I have fewer regrets now. Perhaps I have become wiser or braver. I am starting to be more forgiving of myself. If I had known better, or what I know now, I would have done better.

This post needs to be read more than once. We have to think more.

David February 11, 2012 at 10:54 am

Thank you for your comment and kind words. We will all have events in life that, with hindsight, we could have handled better or made a different decision. But my interpretation of regret is when we dwell on the past wishing we’d done differently – rather than moving on and accepting we’re now on a different path. So do be kind to yourself!

Debbie @ Happy Maker February 10, 2012 at 11:31 pm

Hi David,

Great post. I have realize since the death of both my parents, I am next on the list. Does this bother me, not really, but I can identify with going out with no regets.
3. I wish I’d had the courage to express my feelings. This is the biggest for me. I am getting better at it all the time. there are a few people I would like to write a letter to and say, “So what is your problem when it comes to me?” Those people would be family members.

Maybe with this post I can be me and wirte that letter.

Thanks David for the push!
Blessing to you,

David February 11, 2012 at 11:05 am

I can empathise with you, families are often the hardest to say what we feel to. Good luck, and thanks for your comment and kind words.

Beat Schindler February 10, 2012 at 11:40 pm

Could it be that the regrets of the dying are a function of what their dreams were, provided they had any? I believe most people don’t get what they want because they pretend to not know what they want. For them I imagine dying comes with more regrets – including the realization that knowing what you want had been an available option all along – than for people who by the time of their death have arrived somewhere on purpose. Sure, we all arrive somewhere, but only people with dreams and courage arrive somewhere on purpose. Why have regrets when you finish well, with gratitude? Why have regrets when you have faith in your Source – God? I get it. I’ve had tons of regrets in my former lives, too. Yet I’m questioning the wisdom of having, or worse, entertaining regrets, the longer the more so. Maybe I’ll have to wait for my own death to get the answer. In the meantime, your blog post and related books and resources are very useful, even necessary. They get us thinking and more importantly, they get us taking action … before it’s too late. Keep up the good motivating work!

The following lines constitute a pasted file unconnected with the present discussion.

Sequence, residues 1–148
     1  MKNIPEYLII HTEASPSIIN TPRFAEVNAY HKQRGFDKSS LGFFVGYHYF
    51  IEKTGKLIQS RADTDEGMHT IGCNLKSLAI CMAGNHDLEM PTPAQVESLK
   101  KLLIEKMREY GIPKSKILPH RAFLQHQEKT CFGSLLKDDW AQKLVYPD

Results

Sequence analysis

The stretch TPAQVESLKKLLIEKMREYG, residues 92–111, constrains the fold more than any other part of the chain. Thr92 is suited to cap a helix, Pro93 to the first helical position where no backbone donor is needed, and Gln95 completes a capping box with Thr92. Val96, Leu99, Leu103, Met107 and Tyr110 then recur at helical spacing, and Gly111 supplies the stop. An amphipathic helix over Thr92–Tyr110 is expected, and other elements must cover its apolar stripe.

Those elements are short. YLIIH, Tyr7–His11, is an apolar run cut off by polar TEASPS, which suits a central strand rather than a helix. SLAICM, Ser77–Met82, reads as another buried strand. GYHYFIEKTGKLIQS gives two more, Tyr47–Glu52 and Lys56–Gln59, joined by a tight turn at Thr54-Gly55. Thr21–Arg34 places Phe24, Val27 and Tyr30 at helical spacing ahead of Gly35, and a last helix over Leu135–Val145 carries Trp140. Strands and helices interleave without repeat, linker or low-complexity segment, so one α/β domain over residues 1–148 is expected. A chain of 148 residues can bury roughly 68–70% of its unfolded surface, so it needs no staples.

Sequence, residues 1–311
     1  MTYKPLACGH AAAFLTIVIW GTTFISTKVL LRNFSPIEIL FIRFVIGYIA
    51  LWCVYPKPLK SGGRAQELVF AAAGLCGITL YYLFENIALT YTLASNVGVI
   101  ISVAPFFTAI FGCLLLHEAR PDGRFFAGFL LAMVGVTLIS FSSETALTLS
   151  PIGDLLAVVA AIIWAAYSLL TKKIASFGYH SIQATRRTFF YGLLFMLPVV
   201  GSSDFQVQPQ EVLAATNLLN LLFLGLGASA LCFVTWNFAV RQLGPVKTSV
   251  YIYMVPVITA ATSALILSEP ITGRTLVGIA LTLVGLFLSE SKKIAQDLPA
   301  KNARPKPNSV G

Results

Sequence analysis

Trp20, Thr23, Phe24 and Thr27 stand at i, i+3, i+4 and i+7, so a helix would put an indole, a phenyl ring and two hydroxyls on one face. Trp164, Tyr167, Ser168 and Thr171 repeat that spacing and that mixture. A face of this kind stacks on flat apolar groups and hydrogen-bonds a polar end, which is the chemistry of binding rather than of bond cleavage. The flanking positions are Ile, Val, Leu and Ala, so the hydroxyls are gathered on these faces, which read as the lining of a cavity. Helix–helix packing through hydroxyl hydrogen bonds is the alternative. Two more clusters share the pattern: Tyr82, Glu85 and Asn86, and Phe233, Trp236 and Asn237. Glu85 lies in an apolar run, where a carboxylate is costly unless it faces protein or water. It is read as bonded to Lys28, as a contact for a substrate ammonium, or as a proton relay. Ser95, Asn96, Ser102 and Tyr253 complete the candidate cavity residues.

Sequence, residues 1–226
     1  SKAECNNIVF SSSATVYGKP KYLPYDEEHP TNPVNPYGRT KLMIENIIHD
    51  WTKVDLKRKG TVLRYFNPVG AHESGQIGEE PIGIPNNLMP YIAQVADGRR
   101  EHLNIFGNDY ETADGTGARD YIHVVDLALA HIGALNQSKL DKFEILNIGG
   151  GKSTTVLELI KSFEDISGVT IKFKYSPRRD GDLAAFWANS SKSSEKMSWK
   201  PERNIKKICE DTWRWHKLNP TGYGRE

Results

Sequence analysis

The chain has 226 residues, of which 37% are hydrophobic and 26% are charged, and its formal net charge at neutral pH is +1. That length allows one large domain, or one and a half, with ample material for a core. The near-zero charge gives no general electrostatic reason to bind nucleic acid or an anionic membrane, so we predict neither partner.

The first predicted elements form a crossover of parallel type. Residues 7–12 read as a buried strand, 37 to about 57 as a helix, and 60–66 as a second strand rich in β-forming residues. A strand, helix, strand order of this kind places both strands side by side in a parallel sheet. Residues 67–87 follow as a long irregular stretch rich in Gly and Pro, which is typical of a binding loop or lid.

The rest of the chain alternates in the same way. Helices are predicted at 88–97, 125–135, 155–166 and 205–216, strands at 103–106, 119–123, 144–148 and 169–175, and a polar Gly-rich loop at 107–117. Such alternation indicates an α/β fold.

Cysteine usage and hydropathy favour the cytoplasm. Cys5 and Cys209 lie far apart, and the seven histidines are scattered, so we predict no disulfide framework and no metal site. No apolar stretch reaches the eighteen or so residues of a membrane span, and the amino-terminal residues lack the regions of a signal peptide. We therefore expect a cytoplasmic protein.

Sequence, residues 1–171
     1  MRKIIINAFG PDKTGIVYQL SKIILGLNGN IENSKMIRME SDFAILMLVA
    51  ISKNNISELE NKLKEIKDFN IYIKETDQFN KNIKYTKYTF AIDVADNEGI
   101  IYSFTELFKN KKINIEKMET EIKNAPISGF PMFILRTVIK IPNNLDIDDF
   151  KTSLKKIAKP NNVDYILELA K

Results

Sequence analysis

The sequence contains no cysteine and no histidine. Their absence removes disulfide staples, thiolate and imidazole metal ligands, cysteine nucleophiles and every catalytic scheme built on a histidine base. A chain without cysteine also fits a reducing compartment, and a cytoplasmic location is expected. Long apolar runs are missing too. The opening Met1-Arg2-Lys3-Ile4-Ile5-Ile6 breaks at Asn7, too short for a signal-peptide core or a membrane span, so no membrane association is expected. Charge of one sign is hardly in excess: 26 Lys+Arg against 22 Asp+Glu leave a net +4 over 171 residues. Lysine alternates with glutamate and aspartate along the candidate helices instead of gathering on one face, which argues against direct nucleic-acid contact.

David February 11, 2012 at 11:12 am

Thank your for your really comprehensive comment. I like your point about “arriving somewhere on purpose”, which I don’t believe many people do. Where we are now is the result of many factors, but we all contribute with the decisions and actions we take (even if we don’t deliberately do either).
Ironically it could be argued that perhaps people should have more regrets – for just drifting through life and not doing what their calling was on purpose. Thanks again

Andrew @ Blogging Guide February 11, 2012 at 8:35 am


Really great read but in one way it ‘hurt’ to read it. I tend to work too long hours – always have done and when my kids were small I was away from home a fair bit. Not too much but enough for me to look back and think it was too much.

Now I work from home…they are too old themselves to want Dad around!


David February 11, 2012 at 11:22 am

Its a version of the old chestnut “nobody ever said on their deathbed that they wished they’d spent more time at the office” – but work has so many other bearings on our quality of life that are positive. We can’t turn the clock back, but we can learn from the past and incorporate into how we live our lives now. Thanks for your nice comment

Joel February 11, 2012 at 8:39 pm

I too work long hours but am lucky enough to work them from home and see my son every day. I think everyone has regrets, however it’s how they affect you that is important. I think it was Martha Stewart who said something like “I have no memory for bad things” or something like that, and I’ve tried to be more like that recently. What has happened has happened, and while I may regret somethings, learning from them then moving on is more important than regretting them all the time.
Very interesting post, thanks David.

David February 12, 2012 at 6:55 pm

Interesting, philosophical approach which we should all learn from. “Learning and moving on” is a great way to live. Thanks for your comment.

Raymond Chua @ Cure Stress Naturally February 12, 2012 at 1:59 pm

Hi David,

I’m so grateful that I read this post before it’s too late. I truly hope that I can eliminate all those regrets. Like Joel, I work from home too and I always tell my better half that we should be grateful of that.

David February 12, 2012 at 6:57 pm

I must try this “work from home” way of life someday, although like Andrew too late for seeing the kids! Glad you found the post useful, and thanks for your comment.

Amy LeForge March 19, 2012 at 5:20 am

Avoiding regrets is one of my biggest goals for my children. If only they could see what I see! Sometimes it’s so frustrating when I can see them making choices they’ll be sorry for later. Ugh. 🙂

David March 20, 2012 at 9:44 pm

Its very hard being a parent sometimes! We like to say we learn from our mistakes, but we don’t want our kids to suffer – or make the same mistakes we did. I hate to say it but, as my youngest two approach 21, it doesn’t get easier… Thanks for your comment.

{ 1 trackback }

Previous post:

Next post: